The Chicago Center For Conflict Resolution ( CCR ) offers free mediation services to anyone who wants them. "We've done landlord-tenant disputes, or neighbor disputes, even siblings and couples breaking up," said Rae Kyristi, J.D, the mediation services director.
"The idea of mediation is that the parties in conflict will sit down with a neutral third party and discuss what's happening. The mediator doesn't make decisions like a judge or arbitrator or give advice the way an attorney would. They help make sure everyone has a chance to speak and be heard. Things that aren't relevant to a legal proceeding, like, "I'm really sad"that's relevant to a conflict, but it's not something our legal system can handle," said Kyristi.
CCR's know-how applies to those receiving HIV care under Part A of the Ryan White Act, which makes treatment available for those with an HIV+ diagnosis. Providers must have a grievance process in place in order to receive funding through that act. Since 2005, CCR has run the CARE Line, a grievance hotline for clients and providers to discuss issues raised during treatment. Services are available to anyone, including Spanish-speakers, although sit-down mediation only takes place in the Chicago office.
"A good example of when to call might be when people feel like they're struggling to access their services. That's one of the first things we checkare you getting services?" Kyristi said. "At the same time, we can be helpful if an agency is having a hard time with a client. If you've been at one agency for many years and you have to move, the program might be different, the access to a doctor might be different. We support both service providers and clients."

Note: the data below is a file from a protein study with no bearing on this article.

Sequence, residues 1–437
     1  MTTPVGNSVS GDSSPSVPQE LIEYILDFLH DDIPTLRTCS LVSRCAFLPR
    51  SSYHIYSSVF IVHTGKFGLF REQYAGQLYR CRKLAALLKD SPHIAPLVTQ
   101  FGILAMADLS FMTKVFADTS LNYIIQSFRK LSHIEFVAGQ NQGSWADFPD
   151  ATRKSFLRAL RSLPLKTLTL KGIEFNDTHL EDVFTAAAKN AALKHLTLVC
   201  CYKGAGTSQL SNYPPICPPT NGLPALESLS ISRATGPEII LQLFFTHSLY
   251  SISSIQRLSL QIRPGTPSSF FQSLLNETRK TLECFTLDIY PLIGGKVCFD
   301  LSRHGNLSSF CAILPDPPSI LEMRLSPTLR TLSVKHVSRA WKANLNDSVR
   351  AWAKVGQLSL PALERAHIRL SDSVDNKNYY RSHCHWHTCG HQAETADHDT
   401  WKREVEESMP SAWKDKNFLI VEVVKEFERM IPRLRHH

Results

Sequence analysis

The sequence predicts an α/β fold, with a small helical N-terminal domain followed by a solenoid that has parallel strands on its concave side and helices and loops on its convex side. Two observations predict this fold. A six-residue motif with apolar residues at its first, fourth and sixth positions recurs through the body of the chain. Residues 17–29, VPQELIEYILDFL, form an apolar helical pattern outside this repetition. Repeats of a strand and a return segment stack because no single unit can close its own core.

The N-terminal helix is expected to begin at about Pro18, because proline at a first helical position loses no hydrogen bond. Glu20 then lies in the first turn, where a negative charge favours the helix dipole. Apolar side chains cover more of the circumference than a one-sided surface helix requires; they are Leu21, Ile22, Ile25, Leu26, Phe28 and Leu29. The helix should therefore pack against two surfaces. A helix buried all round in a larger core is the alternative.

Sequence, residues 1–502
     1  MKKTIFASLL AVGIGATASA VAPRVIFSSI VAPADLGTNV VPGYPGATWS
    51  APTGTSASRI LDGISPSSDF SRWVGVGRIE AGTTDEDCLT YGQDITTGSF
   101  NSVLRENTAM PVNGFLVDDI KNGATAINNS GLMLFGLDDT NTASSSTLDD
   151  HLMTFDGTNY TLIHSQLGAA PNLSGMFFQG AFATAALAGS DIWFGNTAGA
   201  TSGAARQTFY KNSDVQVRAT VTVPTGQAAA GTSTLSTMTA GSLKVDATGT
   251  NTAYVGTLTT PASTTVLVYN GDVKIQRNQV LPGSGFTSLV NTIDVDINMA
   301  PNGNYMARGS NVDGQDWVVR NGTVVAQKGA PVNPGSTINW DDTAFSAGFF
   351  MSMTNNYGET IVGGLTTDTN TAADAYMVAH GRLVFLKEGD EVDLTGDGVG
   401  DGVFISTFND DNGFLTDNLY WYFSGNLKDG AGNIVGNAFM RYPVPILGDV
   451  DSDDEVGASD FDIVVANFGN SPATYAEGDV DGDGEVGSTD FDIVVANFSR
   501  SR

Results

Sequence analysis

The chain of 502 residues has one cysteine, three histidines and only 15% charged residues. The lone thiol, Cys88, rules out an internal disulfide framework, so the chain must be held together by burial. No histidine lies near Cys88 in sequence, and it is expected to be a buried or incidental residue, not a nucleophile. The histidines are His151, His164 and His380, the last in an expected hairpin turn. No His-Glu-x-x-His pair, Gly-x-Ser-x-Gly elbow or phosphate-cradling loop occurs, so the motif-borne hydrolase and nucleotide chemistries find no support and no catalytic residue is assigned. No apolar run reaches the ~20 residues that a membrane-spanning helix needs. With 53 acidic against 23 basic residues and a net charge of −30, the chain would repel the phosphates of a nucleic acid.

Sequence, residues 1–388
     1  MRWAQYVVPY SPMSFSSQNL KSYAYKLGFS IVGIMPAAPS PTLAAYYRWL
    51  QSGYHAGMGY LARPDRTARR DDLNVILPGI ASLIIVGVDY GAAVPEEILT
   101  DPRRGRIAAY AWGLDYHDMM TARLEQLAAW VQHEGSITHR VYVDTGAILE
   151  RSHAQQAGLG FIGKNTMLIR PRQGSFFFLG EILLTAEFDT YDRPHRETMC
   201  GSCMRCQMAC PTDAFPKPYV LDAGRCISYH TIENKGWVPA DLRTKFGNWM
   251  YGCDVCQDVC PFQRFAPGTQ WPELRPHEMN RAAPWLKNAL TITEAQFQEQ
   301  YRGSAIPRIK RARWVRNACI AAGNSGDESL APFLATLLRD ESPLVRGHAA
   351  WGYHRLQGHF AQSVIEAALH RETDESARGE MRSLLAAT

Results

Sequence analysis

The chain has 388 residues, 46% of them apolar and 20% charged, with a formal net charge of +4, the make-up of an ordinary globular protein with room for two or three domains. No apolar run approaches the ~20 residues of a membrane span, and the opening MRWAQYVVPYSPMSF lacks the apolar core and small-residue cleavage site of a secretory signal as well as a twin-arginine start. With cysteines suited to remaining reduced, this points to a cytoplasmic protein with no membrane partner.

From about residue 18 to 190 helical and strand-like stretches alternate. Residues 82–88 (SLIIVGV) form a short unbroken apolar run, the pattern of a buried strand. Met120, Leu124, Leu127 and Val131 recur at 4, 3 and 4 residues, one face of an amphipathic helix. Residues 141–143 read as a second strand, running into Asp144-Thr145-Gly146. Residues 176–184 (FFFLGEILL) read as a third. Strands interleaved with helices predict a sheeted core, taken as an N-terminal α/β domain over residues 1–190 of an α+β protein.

"When should you call? If you don't know who to call. If you've tried to get it resolved and you've talked to the people you think should be able to resolve it. We can make a few more phone calls to figure it out. Sometimes clients call and we help them think about whatever problem they're having, and they realize, oh, I can figure this out. Sometimes we do a phone conciliation, where we reach out to the agency or the caseworker or the doctor. Sometimes it's as simple as one piece of paper that didn't get filed. Or sometimes, people don't even know who their caseworker is. Or a client's not aware of what the grievance process is at the agency and how to access it. We might help get them into whatever system's in place. But sometimes that system doesn't work, or isn't satisfactory, and so another option is mediation between the client and someone from the agency."
Kyristi stressed that the process is absolutely confidential. "There are just a few people who answer these calls, one person handles the case. It's very hands-on. You can call any time and leave a messagewe check it daily. We'd get back to you within 48 hours."
CCR does report grievances with agencies to the Department of Public Health and Human Services, but those reports contain "loose details", according to Kyristi. "Like 'client couldn't access whatever', or 'staff member called about coworker.' There's a little oversight, but it's anonymous, and it creates accountability. For agencies too, there's value, especially when it's resolved that gets reported as well. It can help make it clear to the agency that their formal grieving process isn't obvious to clients. It's usually about missing pieces of information, and we're able, from this neutral place, to be able to help do that. Sometimes people in conflict just want a record somewhere and that's sufficient."
The CARE Line number is 1-866-CARE-212 ( 227-3212 ). More information can also be found at ccrchicago.weebly.com/specialized-programs.html .